California’s Master Plan for Aging has been lauded as the broadest and most ambitious such plan in the nation. Launched by Gov. Gavin Newson in January 2021, the plan outlines five major goals and a 10-year blueprint for dealing with a population where one in four Californians will be age 60 or over by 2030.
Since the plan’s inception, the state has launched or planned 227 initiatives to help older adults in areas ranging from health care to housing to digital access.
Three years in, watchdog and oversight groups are taking a look at progress so far. In a report issued earlier this month, the state’s Little Hoover Commission — an independent, bipartisan board formed in 1962 to advise the Governor and Legislature — reported that implementation of the Master Plan has been challenging because of the number of people and agencies tasked with putting it into action.
Those involved include the California Health and Human Services Agency, the California Department of Aging, a Work Group for Aging made up of representatives of Newsom’s cabinet and other executive departments, the Governor’s Office senior advisor, the California Commission on Aging and several stakeholder groups.
According to the LHC report, “In practice, it is not clear which agency, if any, has ultimate responsibility to ensuring progress” on the hundreds of projects and programs underway.
LHC chairman Pedro Nava said in an interview that while he is “encouraged by the fact that this [gubernatorial] administration began to give serious consideration to the growing needs of” older adults, there is a need to “develop and maintain a permanent constituency that will advocate for” and oversee the plan’s ambitious agenda.
To that end, the LHC recommends that the state Legislature “establish a joint committee to oversee implementation of the plan through 2030.”
In another 2023 report on the Master Plan, the IMPACT (Implementing the Master Plan for Aging in California Together) Stakeholder Committee recommended that the coming years be “be clearly focused” on three specific goals: 1. Build a home care system that works for all Californians; 2. End older adult homelessness in California; and 3. Use the MPA to advance equity in aging.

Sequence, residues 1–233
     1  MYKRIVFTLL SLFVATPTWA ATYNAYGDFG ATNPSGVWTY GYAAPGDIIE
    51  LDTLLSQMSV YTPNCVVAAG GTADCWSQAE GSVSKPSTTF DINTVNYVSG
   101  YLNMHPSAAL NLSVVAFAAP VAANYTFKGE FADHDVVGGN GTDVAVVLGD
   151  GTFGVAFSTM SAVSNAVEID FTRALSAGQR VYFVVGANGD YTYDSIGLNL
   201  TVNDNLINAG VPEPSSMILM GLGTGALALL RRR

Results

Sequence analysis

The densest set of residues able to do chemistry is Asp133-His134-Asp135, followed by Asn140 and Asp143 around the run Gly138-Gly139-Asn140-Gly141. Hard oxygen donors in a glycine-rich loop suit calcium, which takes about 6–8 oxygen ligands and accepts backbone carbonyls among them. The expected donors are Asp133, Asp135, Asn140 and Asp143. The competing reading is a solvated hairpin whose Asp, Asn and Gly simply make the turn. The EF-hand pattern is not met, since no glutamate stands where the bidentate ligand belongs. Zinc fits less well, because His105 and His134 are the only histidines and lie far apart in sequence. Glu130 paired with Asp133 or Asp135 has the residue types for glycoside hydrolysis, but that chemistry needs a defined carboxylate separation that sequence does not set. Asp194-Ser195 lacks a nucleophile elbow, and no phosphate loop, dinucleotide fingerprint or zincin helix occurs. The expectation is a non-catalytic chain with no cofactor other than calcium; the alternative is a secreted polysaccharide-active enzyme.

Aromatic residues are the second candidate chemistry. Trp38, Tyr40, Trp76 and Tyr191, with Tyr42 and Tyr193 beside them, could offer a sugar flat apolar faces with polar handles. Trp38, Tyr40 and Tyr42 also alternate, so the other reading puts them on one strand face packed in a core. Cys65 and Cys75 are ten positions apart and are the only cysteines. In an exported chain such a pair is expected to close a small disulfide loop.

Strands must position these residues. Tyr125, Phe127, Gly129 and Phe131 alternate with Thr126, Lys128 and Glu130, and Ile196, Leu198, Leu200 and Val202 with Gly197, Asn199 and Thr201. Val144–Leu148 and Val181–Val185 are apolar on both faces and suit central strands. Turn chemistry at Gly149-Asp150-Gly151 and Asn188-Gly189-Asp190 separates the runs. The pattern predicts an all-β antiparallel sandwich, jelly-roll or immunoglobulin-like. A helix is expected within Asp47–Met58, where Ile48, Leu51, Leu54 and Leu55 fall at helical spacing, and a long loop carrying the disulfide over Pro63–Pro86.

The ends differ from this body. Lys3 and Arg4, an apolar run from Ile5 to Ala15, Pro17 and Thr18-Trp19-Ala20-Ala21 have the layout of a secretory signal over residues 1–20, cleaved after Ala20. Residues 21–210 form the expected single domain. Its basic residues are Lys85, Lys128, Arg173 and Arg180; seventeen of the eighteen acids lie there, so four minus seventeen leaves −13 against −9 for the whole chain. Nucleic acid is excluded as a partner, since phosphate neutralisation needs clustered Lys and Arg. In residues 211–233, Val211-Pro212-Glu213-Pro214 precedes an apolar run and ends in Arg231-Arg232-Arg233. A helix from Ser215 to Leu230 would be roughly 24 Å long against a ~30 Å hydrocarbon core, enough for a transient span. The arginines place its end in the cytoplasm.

The LHC agreed with the IMPACT committee recommendations and more generally with the idea that the Plan must “deliver results … to residents … with an urgency not typical of most government operations.”
Without this sense of urgency, Nava noted, lawmakers tend “not to focus on an issue until it’s a catastrophe.”
The radical demographic change anticipated by the Master Plan is indeed already underway and will dramatically alter what California’s population looks like in the coming decades. By 2060, the number of children 17 and under is expected to decrease by 5 percent, while those over 55 will increase by 10 percent. The state’s median age will be over 45, compared to age 28 in 1970.
The older population will also become more diverse, with the population of Hispanics age 65+ expected to grow by 18 percent while the older White population decreases by 17 percent.
The Department of Aging is also monitoring the Master Plan’s progress. In its 2023 Annual Report, the DOA found “significant advancements” in many areas, including expanding access to health care coverage and Medi-Cal; construction and rehabilitation of low-income housing for older adults; addressing older adults’ behavioral health; and expanding the CalFresh food assistance program to older adults and people with disabilities.
DOA director Susan DeMarois said that ongoing stakeholder engagement means “continuing momentum that is propelling the Master Plan forward.” As a concrete example of a Master Plan accomplishment, DeMarois singled out the CalGrows and In-Home Supportive Services (IHSS) Career Pathways Program, which provide for recruitment, training and maintenance of home caregivers.
“People want to stay in their homes as they age,” DeMarois said. “These programs make it possible for them to do so.”
To date, approximately $9.5 billion has been spent on implementing various Master Plan projects and initiatives. While information on these expenditures has been compiled into a publicly available format — “we track everything,” DeMarois explains — the LHC report recommends that there be “a systemic way to calculate Master Plan spending so the Administration and lawmakers may more easily and thoroughly assess investments and plan funding for future initiatives.”
Those involved all agree that the Master Plan for Aging is meant to help Californians of all ages, not just older adults.
The DOA’s Annual Report reiterates that “Aging impacts us all … whether a child being raised by a grandparent, a 20-year-old choosing a career path, a 30-year-old living with Down syndrome, a 40-year-old daughter caring for a parent with Alzheimer’s, a 50-year-old facing retirement without savings, a 60-year-old experiencing memory loss, a 70-year-old struggling to make ends meet, an 80-year-old living at home with the support of a caregiver, or the large number of Californians in their 90s who are approaching the once-elusive centenarian status.”
“The Master Plan is not age-specific, that’s for sure,” said DeMarois.
“Employers need to understand that care for older people is as important as childcare and that their own workforces will be changing; transportation planners need to consider the shift in demographics; and young people in college should think about how an aging population will affect” their career options.
The LHC’s Nava puts California’s changing population and the Master Plan goals into a larger context.
“Young people need to appreciate that life is a continuing journey. As society moves forward, we live longer, so conservation, protection of the environment and quality of life [as we age] is something to consider in your 20s and 30s,” he said.